Even as he promoted Biden’s candidacy, former President Barack Obama warned, “No single American can fix this country alone. Not even a president.” “So I am also asking you to believe in your own ability — to embrace our own responsibility as citizens — to make sure that the basic tenets of our democracy endure. Because that’s what’s at stake right now. Our democracy,” he said. “This administration has shown it will tear our democracy down, if that’s what it takes for them to win,” Obama said. “So we have to get busy building it up by pouring all our efforts into these 76 days and voting like never before, for Joe and Kamala, and candidates up and down the ticket, so that we leave no doubt about what this country that we love stands for today and for all our days to come.”

David Axelrod, who served as former President Barack Obama’s top political strategist, said critics who think the former president is “fighting to protect his ‘legacy’” misread him and the moment. “He’s fighting to protect our democracy against the assault of a @POTUS who, unlike his predecessors of EITHER party, simply doesn’t believe in its rules, laws, norms or institutions,” tweeted Axelrod, using the acronym for president of the United States to refer to Trump. Obama has become more strident toward Trump and his presidency in recent months, publicly criticizing his handling of the coronavirus pandemic and telling donors in remarks leaked to the New York Times that the President played on “nativist, racist, sexist” fears. Delivering the eulogy for the late civil rights icon Congressman John Lewis, a Georgia Democrat, in Atlanta on July 30, Obama did not use Trump’s name but decried the actions of his administration on issues of race and voting. “George Wallace may be gone. But we can witness our federal government sending agents to use tear gas and batons against peaceful demonstrators,” Obama said. He was referring to the late former racist governor and third-party segregationist Presidential candidate from Alabama. “But even as we sit here, there are those in power doing their darnedest to discourage people from voting — by closing polling locations, and targeting minorities and students with restrictive ID laws, and attacking our voting rights with surgical precision, even undermining the Postal Service in the run-up to an election that is going to be dependent on mailed-in ballots so people don’t get sick.”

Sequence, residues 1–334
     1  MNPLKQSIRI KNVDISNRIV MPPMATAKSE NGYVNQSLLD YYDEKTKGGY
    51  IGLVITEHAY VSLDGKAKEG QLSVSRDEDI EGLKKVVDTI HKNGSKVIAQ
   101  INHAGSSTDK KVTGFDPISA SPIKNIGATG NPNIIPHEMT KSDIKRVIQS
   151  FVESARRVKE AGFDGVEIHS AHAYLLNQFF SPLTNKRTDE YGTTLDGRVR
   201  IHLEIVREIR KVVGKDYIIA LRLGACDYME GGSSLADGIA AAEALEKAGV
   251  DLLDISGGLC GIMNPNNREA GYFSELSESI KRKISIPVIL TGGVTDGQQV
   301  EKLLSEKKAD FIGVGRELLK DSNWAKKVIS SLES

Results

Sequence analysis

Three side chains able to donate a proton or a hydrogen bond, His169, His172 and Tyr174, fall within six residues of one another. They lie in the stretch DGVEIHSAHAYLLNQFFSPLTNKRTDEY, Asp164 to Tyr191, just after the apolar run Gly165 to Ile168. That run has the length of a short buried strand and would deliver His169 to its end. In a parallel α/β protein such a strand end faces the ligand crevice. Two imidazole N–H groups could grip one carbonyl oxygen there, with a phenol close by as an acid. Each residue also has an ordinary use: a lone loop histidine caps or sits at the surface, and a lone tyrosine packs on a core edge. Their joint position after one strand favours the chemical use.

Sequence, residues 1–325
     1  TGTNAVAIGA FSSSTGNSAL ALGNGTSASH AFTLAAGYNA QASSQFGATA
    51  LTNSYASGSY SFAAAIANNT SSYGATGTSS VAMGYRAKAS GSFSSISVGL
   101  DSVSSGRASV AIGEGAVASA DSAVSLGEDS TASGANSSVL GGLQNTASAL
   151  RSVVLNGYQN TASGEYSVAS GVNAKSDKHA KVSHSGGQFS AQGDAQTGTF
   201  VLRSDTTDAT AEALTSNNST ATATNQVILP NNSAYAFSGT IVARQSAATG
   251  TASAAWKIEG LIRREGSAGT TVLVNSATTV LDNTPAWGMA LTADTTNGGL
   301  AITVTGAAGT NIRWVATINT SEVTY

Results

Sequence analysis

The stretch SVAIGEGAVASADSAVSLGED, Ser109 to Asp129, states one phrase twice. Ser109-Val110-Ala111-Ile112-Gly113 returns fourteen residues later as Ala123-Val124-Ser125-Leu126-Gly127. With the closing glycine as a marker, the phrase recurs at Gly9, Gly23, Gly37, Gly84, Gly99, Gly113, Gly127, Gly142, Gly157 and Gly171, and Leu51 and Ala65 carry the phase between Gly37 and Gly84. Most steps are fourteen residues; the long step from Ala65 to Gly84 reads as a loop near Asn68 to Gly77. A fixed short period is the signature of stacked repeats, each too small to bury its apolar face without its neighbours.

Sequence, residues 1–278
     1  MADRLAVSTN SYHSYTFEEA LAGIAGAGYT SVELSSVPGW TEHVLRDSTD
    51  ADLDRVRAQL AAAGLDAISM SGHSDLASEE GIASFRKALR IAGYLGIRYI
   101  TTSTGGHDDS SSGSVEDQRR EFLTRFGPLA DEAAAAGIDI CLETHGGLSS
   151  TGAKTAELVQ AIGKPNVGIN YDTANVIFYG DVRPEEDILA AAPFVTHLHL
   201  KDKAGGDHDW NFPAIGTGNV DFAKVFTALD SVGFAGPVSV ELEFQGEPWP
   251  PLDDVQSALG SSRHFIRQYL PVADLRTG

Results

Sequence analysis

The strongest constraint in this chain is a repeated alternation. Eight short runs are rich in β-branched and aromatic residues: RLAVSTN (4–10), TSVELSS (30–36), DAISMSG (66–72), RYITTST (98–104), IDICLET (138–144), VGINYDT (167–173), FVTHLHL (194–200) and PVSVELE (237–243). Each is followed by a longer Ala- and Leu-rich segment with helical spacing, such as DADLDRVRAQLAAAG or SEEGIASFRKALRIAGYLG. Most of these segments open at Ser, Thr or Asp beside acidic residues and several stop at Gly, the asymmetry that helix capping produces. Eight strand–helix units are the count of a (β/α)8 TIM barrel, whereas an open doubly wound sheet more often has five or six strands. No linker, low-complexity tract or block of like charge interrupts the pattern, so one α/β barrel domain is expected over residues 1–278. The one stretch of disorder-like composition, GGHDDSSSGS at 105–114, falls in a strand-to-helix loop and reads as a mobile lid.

Former President Barack Obama showed his disdain for then-candidate Donald Trump during the 2016 race for President when Hillary Clinton, his secretary of state, vied against the Republican to be his successor. Trump had adopted the “birther” conspiracy that wrongly claimed Obama was born in Kenya. Trump as president later pushed what he called “Obamagate,” claiming an illegal conspiracy by Obama-era officials to investigate and sabotage his presidency. That prompted Obama to become more active in the 2018 midterm elections. Speaking at the University of Illinois in Urbana in September of that year, Obama called Trump “a symptom, not the cause” of “a fear and an anger that’s rooted in our past” involving racial and economic divisions that have been exploited by politicians for years. “Appealing to tribe, appealing to fear, pitting one group against another, telling people that order and security will be restored if it weren’t for those who don’t look like us, or don’t sound like us or don’t pray like we do — that’s an old playbook. It’s as old as time. And, in a healthy democracy, it doesn’t work,” Obama said.

Matthew Rose
Matt studies and analyzes politics at all levels. He is the creator of, a scholarly resource exploring political trends, political theory, political economy, philosophy, and more. He hopes that his articles can encourage more people to gain knowledge about politics and understand the impact that public policy decisions have on their lives. Matt is also involved in the preservation of recorded sound through IASA International Bibliography of Discographies, and is an avid record collector.